Evolutionary dynamics of Oropouche virus in South America
Wise, Emma L
Pullan, Steven T
Logue, Christopher H
Bowden, Thomas A
Nunes, Marcio Roberto Teixeira
Faria, Nuno Rodrigues
Pybus, Oliver G
The Amazon basin is home to numerous arthropod-borne viral pathogens that cause febrile disease in humans. Among these, Oropouche orthobunyavirus (OROV) is a relatively understudied member of the genus Orthobunyavirus, family Peribunyaviridae, that causes periodic outbreaks in human populations in Brazil and other South American countries. Although several studies have described the genetic diversity of the virus, the evolutionary processes that shape the OROV genome remain poorly understood. Here, we present a comprehensive study of the genomic dynamics of OROV that encompasses phylogenetic analysis, evolutionary rate estimates, inference of natural selective pressures, recombination and reassortment, and structural analysis of OROV variants. Our study includes all available published sequences, as well as a set of new OROV genome sequences obtained from patients in Ecuador, representing the first set of genomes from this country. Our results show differing evolutionary processes on the three segments that comprise the viral genome. We infer differing times of the most recent common ancestors of the genome segments and propose that this can be explained by cryptic reassortment. We also present the discovery of previously unobserved putative N-linked glycosylation sites, as well as codons that evolve under positive selection on the viral surface proteins, and discuss the potential role of these features in the evolution of OROV through a combined phylogenetic and structural approach.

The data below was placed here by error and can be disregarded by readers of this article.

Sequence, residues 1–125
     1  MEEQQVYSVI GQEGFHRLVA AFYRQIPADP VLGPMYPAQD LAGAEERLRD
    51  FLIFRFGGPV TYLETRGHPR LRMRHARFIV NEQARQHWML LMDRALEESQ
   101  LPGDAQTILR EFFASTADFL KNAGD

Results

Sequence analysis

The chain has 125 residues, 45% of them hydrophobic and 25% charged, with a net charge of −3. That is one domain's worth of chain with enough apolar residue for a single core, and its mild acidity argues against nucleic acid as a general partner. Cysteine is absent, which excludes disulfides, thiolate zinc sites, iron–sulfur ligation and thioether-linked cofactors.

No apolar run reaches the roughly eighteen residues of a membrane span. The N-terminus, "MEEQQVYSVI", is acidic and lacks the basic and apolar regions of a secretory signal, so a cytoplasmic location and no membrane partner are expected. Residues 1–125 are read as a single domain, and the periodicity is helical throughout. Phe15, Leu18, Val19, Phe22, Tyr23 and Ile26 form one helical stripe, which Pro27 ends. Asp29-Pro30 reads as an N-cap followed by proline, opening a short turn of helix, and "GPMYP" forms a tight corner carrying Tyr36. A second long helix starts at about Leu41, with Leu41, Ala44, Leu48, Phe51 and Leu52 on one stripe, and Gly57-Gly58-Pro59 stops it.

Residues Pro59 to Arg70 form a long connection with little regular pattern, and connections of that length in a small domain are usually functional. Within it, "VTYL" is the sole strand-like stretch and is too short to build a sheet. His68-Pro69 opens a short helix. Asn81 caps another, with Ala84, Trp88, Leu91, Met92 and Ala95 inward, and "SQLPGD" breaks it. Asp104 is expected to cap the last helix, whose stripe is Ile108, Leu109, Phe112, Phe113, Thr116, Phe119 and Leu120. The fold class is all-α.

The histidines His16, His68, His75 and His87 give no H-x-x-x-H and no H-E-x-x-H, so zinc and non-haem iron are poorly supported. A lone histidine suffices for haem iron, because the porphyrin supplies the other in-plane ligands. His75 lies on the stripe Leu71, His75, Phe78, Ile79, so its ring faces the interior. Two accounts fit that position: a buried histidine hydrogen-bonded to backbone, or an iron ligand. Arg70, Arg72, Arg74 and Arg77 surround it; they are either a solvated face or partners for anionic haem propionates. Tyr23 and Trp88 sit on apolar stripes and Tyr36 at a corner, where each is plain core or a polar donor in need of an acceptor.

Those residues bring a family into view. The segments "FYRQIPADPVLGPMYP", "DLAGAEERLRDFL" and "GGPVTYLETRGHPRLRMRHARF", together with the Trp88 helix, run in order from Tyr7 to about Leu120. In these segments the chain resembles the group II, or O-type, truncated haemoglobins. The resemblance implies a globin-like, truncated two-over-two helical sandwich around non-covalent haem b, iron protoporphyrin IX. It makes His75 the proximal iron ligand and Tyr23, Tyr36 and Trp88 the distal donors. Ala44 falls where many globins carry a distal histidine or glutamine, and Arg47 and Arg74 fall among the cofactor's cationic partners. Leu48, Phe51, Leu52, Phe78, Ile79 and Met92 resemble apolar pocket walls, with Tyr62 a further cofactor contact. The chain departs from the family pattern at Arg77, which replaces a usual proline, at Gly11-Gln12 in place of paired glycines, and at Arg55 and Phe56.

xmlui.dri2xhtml.METS-1.0.item-citationGUTIERREZ, Bernardo et al. Evolutionary dynamics of Oropouche virus in South America. Journal of Virology, v. 94, n. 5, e01127-19, 2020.
xmlui.dri2xhtml.METS-1.0.item-decsPrimaryArbovirus / patogenicidade
Orthobunyavirus / isolamento & purificação
Genoma Viral / genética
Doenças Transmissíveis Emergentes / virologia